The alternation of episodes that advance plot or character development with more impressionistic, slice-of-life scenes gives the sense that one is watching a video-collage loosely gathered around a plotline. We see, for example, Dunia wrapping herself in bubble wrap and filling her journals on a rooftop that overlooks the city, and witness her dance teacher instructing her to take an enormous bite out of a full red rose (she complies). It makes for a somewhat slow start to the film, but as the characters emerge from the mundane routines of their everyday lives into situations that test their resolve, the quieter moments take on greater meaning. The scenes that do advance the plot manage to take stock scenarios (a dance audition, a wedding celebration) and add a twist that keeps them unpredictable. The result, after a somewhat slow beginning, is a pattern of action and reflection that is almost operatic in timing. Like a good opera, the film is highly evocative, with choreography, music, and lyrics taking on the work of communicating its message (which itself is deeply concerned with artistic representation and expression) more than a tightly woven or overly clever story. Details are painted with broad but colorful strokes.
Amidst the color, dance, and poetry, the film grapples with female circumcision, censorship, and sexual repression. These are heavy themes, and unsurprisingly, its handling of them is a bit heavy-handed at times. Dunia wears red in nearly every scene, admittedly a fitting color for a woman who refuses to blend in and who is on a quest for passion at the same time she is dealing with the fears of a very visceral trauma (and one that is being played out on the next generation before her eyes). The red-clad Dunia frequently finds herself surrounded by gauzy green veils – perhaps an allusion to the trappings of an overly strict interpretation of Islam that is encroaching upon the film’s Egypt in the form of censors who threaten to ban classic literary works like Alf Layla wa Layla. To Saab’s great credit, however, the film does not draw a direct connection between khittan and Islam. The relationship between female circumcision and religion is complicated, but there is no recognized mainstream Islamic authority that requires or promotes the practice.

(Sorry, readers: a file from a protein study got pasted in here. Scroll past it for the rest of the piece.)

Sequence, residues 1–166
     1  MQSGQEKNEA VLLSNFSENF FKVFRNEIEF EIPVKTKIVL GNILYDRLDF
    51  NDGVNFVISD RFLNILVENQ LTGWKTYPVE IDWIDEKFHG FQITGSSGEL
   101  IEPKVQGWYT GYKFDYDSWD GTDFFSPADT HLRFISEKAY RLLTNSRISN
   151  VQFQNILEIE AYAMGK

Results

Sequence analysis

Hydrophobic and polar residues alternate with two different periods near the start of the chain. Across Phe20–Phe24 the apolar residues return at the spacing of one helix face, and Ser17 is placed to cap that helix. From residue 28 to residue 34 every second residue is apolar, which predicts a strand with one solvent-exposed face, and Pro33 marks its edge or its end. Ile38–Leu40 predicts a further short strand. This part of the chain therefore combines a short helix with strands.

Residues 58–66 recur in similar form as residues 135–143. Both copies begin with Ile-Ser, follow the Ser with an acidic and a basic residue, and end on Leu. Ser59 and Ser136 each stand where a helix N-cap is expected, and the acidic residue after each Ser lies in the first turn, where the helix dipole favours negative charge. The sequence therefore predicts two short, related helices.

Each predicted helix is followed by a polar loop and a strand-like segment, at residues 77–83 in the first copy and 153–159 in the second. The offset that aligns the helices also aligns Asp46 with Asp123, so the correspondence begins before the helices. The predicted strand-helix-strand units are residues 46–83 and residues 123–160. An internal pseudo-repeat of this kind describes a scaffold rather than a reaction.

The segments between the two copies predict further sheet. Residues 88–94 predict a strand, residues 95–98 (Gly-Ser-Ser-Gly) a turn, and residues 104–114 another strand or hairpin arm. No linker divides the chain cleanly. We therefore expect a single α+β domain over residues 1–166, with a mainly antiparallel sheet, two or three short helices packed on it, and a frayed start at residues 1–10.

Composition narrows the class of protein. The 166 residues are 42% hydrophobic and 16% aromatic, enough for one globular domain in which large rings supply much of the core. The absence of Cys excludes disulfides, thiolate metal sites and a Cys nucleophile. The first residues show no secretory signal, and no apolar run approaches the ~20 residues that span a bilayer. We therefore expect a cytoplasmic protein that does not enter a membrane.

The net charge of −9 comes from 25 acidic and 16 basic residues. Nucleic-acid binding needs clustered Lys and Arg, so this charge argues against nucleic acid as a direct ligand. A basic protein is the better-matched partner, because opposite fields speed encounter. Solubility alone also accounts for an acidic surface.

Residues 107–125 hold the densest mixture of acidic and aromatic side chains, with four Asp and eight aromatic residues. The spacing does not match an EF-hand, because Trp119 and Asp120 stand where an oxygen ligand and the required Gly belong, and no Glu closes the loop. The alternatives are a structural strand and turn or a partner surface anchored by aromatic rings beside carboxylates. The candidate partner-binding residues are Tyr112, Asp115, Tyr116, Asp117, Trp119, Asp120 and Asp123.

The only time Dunia does not wear red is on her wedding day, when she dons a gown made of white paper – a dress as stiff and unbending as her red skirts are fluid and expressive. The predictability of the parallels between the clothing styles, and the contrasting nature of her disappointingly cold marriage to Mamdouh and the more heartfelt dancing through which she seeks inspiration, is redeemed somewhat when she writes a farewell note to her husband on the very dress she wore when they married – an example of the way that Saab rescues scenes that threaten triteness but then turn on a quirky detail. The colors make the film vibrant and exciting to watch, and Hanan Turk is so stunning in red that she steals every scene she is in. But because the colors are so ubiquitous, they eventually detract from the film’s subtlety – like the use of two exclamation marks where one would be perfectly sufficient.
[Beshir (Mohamed Munir) and Dunia (Hanan Turk), Image from www.jocelynesaab.com]
Perhaps the most overt symbolic element of the film centers on the blinding of the professor-intellectual Beshir. The attack is immediately recognizable as a retelling of the one Naguib Mahfouz suffered at the hands of Islamic extremists. But Beshir’s blindness also recalls the figure of the blind poet (or even the blind prophet) whose “sight” is removed from the physical realm and concentrated in a more spiritual or transcendent sphere. And his blindness eventually weaves its way into the plot: he regains his sight at the same time that he and Dunia, a beautiful woman with whom he has a connection that is at once physical, emotional, and cerebral, finally embrace. Dunia’s emotional enlightenment and Beshir’s literal return to sight occur as all of these strands of desire are united.
One of Dunia’s central themes lies in the relationship between the realms of body, heart and mind, explored through discussions of physical and spiritual love in poetry and the struggle to “think with one’s heart” to make dance meaningful. More broadly, these conflicts and tensions point to a statement the film is making about art itself: that it cannot be too cerebral, divorced from the everyday experiences of the heart and body.